One research area focuses on formation and depletion mechanisms of organic molecules in extraterrestrial environments, where the build-up of complex molecules can proceed on grain surfaces or through gas phase reactions. The latter often involves ion-neutral reactions with subsequent dissociative recombination. Dissociative recombination is studied at the CRYRING heavy ion storage ring at the Manne Siegbahn Laboratory in Stockholm. The obtained results can be used for improving chemical models of molecular clouds and planetary atmospheres. With the recent discovery of anions in dense molecular clouds, environments may exist where they could cause mutual neutralization. The efficiency of these reactions will be studied at the Double Electrostatic Ion Ring Experiment (DESIREE), currently under construction at Stockholm University. An interesting astrobiological question is to what extent biomolecules and their precursors can evolve in the interstellar medium.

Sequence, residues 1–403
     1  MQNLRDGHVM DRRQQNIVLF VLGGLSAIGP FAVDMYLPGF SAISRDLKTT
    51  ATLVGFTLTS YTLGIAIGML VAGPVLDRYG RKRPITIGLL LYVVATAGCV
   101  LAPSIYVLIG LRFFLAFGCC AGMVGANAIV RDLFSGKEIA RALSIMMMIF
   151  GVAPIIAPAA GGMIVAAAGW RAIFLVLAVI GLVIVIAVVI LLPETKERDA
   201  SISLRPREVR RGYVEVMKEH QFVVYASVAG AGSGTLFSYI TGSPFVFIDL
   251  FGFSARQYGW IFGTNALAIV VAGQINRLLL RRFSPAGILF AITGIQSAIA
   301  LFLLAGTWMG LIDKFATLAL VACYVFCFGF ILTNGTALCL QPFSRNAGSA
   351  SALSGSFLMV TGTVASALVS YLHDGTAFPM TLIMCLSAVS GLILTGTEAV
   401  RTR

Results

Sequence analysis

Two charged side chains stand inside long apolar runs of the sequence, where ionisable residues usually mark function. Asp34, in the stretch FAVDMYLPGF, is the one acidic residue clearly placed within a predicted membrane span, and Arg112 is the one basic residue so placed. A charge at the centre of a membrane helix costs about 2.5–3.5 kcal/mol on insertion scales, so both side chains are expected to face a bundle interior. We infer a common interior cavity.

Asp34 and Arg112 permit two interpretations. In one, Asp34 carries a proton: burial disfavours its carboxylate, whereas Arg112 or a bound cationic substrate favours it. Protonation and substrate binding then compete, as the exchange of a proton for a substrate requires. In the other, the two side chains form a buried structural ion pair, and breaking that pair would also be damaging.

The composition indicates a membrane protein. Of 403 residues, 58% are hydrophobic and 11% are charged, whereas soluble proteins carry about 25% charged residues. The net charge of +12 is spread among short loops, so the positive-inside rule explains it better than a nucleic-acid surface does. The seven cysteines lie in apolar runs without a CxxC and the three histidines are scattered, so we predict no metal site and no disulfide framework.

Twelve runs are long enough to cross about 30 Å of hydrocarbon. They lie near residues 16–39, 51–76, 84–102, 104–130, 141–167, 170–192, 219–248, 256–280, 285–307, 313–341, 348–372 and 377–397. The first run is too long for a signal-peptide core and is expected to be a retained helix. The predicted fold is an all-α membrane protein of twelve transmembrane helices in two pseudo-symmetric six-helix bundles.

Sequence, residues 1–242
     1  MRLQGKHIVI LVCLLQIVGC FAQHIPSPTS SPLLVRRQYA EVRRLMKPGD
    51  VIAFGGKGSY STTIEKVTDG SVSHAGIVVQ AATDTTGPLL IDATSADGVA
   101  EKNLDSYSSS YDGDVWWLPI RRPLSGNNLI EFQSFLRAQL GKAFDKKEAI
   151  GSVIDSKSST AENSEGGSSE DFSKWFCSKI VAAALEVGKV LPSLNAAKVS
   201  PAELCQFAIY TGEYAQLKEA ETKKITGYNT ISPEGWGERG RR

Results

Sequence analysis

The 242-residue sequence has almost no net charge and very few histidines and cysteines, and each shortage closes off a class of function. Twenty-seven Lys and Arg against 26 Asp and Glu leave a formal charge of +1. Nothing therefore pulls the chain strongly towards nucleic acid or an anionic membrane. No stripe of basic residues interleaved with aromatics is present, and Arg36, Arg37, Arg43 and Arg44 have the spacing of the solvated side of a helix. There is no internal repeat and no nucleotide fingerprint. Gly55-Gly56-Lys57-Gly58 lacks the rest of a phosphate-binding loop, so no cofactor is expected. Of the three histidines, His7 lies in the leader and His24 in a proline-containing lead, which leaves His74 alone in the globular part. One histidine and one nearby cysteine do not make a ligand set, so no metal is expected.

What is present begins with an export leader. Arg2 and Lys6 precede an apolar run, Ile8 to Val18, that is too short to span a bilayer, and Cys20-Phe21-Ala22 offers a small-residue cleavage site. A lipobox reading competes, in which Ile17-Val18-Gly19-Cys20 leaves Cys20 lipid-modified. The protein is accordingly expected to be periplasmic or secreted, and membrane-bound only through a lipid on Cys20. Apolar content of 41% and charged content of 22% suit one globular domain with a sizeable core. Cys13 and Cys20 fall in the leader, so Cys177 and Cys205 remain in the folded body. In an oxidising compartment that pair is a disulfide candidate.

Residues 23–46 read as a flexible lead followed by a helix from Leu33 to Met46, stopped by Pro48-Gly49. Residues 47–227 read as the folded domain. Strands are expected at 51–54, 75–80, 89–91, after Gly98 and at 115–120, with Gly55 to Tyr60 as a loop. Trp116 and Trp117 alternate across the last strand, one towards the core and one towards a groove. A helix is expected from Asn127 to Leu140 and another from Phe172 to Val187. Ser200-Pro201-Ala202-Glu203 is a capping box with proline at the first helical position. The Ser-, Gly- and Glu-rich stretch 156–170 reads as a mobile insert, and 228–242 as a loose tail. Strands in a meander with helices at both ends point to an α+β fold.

Another line of study is of the survival of biomolecules during atmospheric entry. Organic molecules have been found in interplanetary dust particles (IDPs), which frequently impact the Earth. It is of astrobiological interest to investigate how life-related molecules interact with the atmosphere, and if sublimable phases, e.g. water, can help protect them during entry. These experiments are carried out using an electrospray ion source.


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